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Japan’s Prime Minister Shinzo Abe has taken on an ambitious task: addressing and trying to fix the extensive gender imbalance in his country’s labor market, a policy now known as “Womenomics.”

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U.S. Army General Martin Dempsey (L), chairman of the Joint Chiefs of Staff, shakes hands with Japan's Prime Minister Shinzo Abe at the start of their talks at Abe's official residence in Tokyo March 25, 2015. REUTERS/Franck Robichon/Pool

Tokyo cannot play the same security role in Asia that Washington does, nor does it want to. What it is seeking, however, under Prime Minister Shinzo Abe, is to slowly reshape regional security relations.

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A White House official recently criticized the decision of a number of European countries seeking membership in the AIIB – the Asia Infrastructure Investment Bank – something that the U.S. is unlikely to do. The AIIB will also face competition from the larger China Development Bank, and just how much effect the new institution will have has been questioned.

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Image Credit: shutterstock

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Covering a defense story today? Here’s the latest from the experts on the AEI defense team.

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Japan's Prime Minister Shinzo Abe speaks to the media at his official residence in Tokyo in this photo taken by Kyodo March 19, 2015. Abe said on Thursday the government had information three Japanese citizens were killed and three wounded in an attack on Tunisia's national museum. REUTERS/Kyodo

Coral reefs and concrete runways may not capture our imagination, but they are one piece of an increasingly complex security puzzle in Asia.

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Japan's Prime Minister Shinzo Abe offers flowers to victims of the sarin poison gas attack on the subway system by members of the AUM Shinrikyo cult, which killed 13 people and injured more than 6,000 at the Tokyo subway's Kasumigaseki station March 20, 2015, on the 20th anniversary of the incident. Mandatory Credit. REUTERS/Kyodo

Twenty years ago today, Japan suffered its worst terrorist atrocity, the sarin gas attack on Tokyo’s subways by the religious cult known as Aum Shinrikyo.

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Doomsday cult Aum Shinrikyo followers work in front of a computer screen showing a picture of guru Shoko Asahara July 19 at Aum's key Adachi office in Tokyo where they conduct computer work including making and updating their internet homepage. While Japanese authorities have renewed their crackdown on the religious cult, accused of a 1995 nerve gas attack on Tokyo subways where 12 people were killed and thousands injured, the local Adachi ward has set up a task force aimed at easing the anxieties of residents who feel threatened by the cult's presence. Asahara is currently being held at a nearby detention center.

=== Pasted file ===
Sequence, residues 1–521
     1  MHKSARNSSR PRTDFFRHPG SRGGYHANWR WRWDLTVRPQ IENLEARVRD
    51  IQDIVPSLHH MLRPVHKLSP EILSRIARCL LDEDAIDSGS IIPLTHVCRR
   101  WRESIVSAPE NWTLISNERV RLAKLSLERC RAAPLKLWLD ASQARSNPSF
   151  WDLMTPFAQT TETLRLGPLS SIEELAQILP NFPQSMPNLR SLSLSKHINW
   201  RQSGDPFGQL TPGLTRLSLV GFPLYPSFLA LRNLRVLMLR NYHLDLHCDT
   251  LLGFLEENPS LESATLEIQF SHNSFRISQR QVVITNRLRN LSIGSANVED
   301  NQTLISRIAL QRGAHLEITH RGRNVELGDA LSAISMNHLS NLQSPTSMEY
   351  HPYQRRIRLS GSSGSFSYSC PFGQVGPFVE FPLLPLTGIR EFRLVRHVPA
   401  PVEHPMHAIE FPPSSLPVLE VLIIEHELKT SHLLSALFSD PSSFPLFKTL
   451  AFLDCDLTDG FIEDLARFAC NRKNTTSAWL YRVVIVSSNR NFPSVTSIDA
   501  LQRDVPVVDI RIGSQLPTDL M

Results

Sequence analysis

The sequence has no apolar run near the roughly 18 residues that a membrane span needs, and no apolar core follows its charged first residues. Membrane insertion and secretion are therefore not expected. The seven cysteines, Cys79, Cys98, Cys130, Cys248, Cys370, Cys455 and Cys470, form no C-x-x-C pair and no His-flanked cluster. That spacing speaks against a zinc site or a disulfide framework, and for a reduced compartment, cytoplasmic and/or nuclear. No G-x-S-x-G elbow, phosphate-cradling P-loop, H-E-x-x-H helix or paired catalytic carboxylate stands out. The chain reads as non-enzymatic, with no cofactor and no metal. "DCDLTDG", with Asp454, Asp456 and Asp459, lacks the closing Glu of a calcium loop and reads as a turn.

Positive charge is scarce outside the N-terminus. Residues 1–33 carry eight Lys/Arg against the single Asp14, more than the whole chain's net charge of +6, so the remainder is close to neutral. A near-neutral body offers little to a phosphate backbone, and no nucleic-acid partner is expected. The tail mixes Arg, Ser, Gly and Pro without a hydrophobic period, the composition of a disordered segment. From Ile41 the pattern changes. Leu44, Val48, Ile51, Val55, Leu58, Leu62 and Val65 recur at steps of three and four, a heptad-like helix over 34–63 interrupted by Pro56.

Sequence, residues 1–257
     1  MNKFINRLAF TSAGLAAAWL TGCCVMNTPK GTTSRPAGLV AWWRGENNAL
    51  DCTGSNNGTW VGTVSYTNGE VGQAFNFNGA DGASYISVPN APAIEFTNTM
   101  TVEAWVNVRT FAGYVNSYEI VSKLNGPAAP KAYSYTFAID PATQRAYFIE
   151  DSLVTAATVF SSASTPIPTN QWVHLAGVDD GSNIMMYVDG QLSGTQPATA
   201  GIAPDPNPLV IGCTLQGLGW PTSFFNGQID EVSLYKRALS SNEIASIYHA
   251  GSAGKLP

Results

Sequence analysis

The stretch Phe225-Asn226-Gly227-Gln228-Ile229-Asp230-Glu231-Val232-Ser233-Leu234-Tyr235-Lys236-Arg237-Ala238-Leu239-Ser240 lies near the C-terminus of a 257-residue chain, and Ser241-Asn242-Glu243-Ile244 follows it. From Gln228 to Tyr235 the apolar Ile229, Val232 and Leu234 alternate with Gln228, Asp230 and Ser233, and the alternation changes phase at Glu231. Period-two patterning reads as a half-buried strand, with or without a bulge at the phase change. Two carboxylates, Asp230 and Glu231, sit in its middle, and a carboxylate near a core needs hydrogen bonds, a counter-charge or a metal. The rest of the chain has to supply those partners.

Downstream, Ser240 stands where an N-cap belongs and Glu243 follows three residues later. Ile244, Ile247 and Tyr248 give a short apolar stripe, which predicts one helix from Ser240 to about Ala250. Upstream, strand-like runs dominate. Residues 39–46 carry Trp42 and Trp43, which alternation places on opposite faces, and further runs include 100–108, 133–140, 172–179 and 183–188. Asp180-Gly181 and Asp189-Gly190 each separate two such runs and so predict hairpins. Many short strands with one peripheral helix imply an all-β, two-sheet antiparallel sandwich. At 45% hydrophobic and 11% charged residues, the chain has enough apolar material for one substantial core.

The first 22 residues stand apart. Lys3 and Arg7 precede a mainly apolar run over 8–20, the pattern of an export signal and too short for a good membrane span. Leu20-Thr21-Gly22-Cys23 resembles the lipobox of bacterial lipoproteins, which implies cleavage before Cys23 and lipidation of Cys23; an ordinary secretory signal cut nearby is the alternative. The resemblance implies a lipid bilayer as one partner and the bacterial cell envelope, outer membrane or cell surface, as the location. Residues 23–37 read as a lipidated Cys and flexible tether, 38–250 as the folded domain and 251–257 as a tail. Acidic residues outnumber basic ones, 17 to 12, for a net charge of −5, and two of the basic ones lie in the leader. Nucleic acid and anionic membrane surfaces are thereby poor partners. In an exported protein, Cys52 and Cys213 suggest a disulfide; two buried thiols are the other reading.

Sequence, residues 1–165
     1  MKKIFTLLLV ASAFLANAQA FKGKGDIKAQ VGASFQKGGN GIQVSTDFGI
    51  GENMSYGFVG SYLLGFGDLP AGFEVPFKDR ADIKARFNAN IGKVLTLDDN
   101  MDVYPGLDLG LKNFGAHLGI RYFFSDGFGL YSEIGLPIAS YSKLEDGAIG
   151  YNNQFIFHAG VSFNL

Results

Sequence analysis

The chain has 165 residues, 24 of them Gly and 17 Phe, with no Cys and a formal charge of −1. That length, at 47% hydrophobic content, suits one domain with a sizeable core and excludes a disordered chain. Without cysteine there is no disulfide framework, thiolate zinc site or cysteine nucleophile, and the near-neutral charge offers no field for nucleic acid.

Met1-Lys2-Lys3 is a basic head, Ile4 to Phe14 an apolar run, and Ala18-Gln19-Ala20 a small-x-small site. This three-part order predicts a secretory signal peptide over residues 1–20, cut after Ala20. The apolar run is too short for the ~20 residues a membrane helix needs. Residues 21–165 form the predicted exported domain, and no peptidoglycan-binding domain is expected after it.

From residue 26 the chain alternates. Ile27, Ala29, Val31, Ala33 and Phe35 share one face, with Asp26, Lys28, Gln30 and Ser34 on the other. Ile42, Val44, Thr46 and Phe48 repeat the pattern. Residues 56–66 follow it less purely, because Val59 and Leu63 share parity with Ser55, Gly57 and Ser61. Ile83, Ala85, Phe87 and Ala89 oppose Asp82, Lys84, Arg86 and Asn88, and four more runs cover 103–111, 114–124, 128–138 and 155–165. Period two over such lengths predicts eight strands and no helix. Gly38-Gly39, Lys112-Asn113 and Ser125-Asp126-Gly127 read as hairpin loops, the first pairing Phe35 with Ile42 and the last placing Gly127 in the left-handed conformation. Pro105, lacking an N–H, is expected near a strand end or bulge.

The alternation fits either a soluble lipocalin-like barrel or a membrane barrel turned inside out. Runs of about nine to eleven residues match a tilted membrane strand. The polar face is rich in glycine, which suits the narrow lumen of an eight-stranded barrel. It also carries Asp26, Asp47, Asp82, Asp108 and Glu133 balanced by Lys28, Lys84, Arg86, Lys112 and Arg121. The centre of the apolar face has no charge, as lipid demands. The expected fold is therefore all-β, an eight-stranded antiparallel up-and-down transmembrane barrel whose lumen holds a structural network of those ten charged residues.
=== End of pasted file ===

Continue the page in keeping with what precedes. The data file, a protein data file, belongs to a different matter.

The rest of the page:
Twenty years later, there are still lessons to be learned from the atrocities committed by the Japanese terrorist group once known as Aum Shinrikyo.

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Despite another double-digit budget increase, the PLA may be headed for hard times as the Chinese economy stagnates and continental security concerns divert military resources away from the maritime domain.

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LEFT: U.S. President Barack Obama speaks to the City Club of Cleveland about middle class economics in Ohio March 18, 2015. REUTERS/Kevin Lamarque
RIGHT: Japan's Prime Minister Shinzo Abe delivers opening remarks, during the Symposium of the 70th Anniversary of the United Nations, at the United Nations University in Tokyo, March 16, 2015. REUTERS/Toru Hanai

Abe may soon run up against the limits of his ability to take the initiative in Asia, but given widespread concern over China’s intentions, he will likely be able to continue surprising observers with his willingness to push boundaries.

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